At the time, such cautions were both necessary and widely considered necessary. When conscientious scientists like geneticist David Suzuki, said, "Any politician or scientist who tells you these products are safe is either very stupid or lying", it was considered vindication of the need for caution. Contrast that view, no more than 15 years ago, with the opposition to any caution today when those who advocate it are called anti-science and Luddites.

Notwithstanding the efforts of the biotech industry, the commercial seed industry and the retail food industry to paint GM seed and crop as the answer to all problems existing and to come, opposition to GM and GE (genetically engineered seed and crop) continued to grow, with farmers' groups, leading scientists and civil society all calling for at least abundant caution if not a moratorium or ban. In view of the diversity of opinion on GM and GE seed and crop, the Government of India constituted a Parliamentary Standing Committee on GM crops in 2011-12[iv]. After a lengthy and exhaustive process that gathered evidence of practice from cultivators, from experts, from the public and from stakeholder groups, the Committee issued its report, which was hard-hitting and damning in a way few Parliamentary reports are.
That the present government was a part of this report - a landmark in the use of checks and balances by our democratic system of governance - is now overlooked and ignored. The report noted abuses in conducting adequate safety trials, the grossly inadequate and antiquated regulatory mechanism for assessment and approval of transgenics in food crops, the serious conflict of interest of various stakeholders involved in the regulatory mechanism, the total lack of post-commercialization monitoring of GM crops. It also cautioned the Union Government on the effects of GM crops on agricultural exports when considering whether to approve them. The report observed that cultivating GM crops leads to contamination and presents an inherent risk for farmers and Indian agriculture, and that contamination by GM crops can lead to countries banning imports of Indian agricultural produce. Given the growing demand for chemical-free, pesticide-free food worldwide, the risk of contamination by GM seed and crop of traditional and hybrid crop staples is one of the several risks that this technology carries and which our country cannot afford.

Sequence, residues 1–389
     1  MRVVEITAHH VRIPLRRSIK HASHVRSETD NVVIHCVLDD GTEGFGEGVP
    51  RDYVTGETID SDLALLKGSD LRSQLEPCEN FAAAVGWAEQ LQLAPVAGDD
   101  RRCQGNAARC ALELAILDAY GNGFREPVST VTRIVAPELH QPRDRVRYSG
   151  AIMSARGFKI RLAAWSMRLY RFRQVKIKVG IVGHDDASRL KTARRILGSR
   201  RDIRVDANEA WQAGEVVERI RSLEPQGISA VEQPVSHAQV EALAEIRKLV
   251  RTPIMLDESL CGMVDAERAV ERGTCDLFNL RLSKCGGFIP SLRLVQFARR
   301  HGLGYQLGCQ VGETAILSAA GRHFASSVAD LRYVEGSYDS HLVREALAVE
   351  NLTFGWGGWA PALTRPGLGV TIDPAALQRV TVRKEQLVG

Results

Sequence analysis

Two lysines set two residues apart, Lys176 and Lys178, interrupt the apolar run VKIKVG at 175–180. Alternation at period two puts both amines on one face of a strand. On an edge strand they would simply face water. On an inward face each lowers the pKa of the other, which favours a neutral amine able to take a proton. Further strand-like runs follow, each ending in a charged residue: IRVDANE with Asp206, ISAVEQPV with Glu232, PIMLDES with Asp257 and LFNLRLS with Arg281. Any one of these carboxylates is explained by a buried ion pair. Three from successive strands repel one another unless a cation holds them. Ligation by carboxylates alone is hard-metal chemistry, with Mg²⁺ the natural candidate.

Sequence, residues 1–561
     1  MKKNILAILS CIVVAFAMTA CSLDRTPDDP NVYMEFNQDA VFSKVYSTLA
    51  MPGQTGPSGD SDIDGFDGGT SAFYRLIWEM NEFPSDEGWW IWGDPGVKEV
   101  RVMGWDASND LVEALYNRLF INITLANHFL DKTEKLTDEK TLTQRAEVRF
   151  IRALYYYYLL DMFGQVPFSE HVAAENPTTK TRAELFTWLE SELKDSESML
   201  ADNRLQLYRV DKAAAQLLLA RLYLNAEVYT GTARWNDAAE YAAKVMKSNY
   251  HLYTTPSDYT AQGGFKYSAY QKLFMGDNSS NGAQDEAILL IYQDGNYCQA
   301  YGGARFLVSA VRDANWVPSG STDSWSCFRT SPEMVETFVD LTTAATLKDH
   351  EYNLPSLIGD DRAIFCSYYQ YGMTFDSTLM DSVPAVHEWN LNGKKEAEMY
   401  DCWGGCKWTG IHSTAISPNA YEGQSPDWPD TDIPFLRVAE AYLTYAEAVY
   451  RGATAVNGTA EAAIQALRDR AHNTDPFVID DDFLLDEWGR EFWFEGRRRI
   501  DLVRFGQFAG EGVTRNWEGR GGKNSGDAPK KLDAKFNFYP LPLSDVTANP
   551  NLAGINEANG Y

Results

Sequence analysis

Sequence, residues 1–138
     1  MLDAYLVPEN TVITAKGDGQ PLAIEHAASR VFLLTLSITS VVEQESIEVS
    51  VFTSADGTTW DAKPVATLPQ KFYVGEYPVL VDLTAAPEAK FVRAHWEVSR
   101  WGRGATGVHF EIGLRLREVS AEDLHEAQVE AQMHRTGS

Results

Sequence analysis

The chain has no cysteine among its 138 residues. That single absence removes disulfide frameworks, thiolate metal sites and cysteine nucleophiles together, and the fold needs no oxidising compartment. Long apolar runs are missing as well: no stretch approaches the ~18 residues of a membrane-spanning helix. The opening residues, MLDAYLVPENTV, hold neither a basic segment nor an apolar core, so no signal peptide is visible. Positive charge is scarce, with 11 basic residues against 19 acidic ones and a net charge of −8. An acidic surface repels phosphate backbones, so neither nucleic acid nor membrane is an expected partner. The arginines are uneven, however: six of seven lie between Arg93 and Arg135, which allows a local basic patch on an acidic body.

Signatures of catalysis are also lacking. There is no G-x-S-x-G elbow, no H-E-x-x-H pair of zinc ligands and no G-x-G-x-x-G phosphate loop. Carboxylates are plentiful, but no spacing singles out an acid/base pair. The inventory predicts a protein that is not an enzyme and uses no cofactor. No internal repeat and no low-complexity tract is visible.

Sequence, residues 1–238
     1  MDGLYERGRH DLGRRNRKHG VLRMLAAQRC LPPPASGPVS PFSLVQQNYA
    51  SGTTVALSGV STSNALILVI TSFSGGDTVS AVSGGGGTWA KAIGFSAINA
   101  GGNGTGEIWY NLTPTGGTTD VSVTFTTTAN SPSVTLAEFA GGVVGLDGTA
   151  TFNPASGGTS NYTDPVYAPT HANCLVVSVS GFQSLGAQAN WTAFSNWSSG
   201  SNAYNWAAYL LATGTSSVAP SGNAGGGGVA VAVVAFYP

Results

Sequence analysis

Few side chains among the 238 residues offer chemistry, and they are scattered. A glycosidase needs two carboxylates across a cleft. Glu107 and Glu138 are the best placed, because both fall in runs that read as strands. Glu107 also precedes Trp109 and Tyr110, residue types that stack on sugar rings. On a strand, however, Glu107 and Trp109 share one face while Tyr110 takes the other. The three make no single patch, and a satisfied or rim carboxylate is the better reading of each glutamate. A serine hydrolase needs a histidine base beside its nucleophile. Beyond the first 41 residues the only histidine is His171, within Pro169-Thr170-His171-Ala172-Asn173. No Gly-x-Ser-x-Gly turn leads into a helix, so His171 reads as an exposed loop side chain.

Considering the flaws and shortcomings noted by the Committee and the still unclear ramifications of transgenic crops on bio-diversity, environment, human and livestock health and sustainability, the Committee demanded that the ongoing field trials in all states be discontinued. The members of the Standing Committee on Agriculture, across political parties, were unanimous in their report. The report stands as a comprehensive indictment - and indeed a signal authoritative rebuttal to the claims of the GM/GE/biotech industry and its attempts to wrest control of India's food grain and commercial crops production. That such a comprehensive report is, a scant few years after its release, not even referred to by either Union government, state governments or the food and commercial crops industry speaks volumes about transparency and information, both prerequisites in a democratic system.

Besides, three more high-level reports advising against the adoption of these crops in India have likewise been ignored. These are the 'Jairam Ramesh Report' of February 2010 - which set a new standard for public consultation on an ecological and ethical issue - that imposed an indefinite moratorium on Bt Brinjal; the 'Sopory Committee Report' set up by the Indian Council of Agricultural Research, of August 2012, on the attempt to develop through GM means a variety of desi cotton and which exposed both scientific deception and regulatory oversight; the Supreme Court of India's Technical Expert Committee which was formed for the Aruna Rodrigues petition concerning GM field trials, whose final report released in July 2013 has recommendations that are yet to be acted on by our regulatory agencies.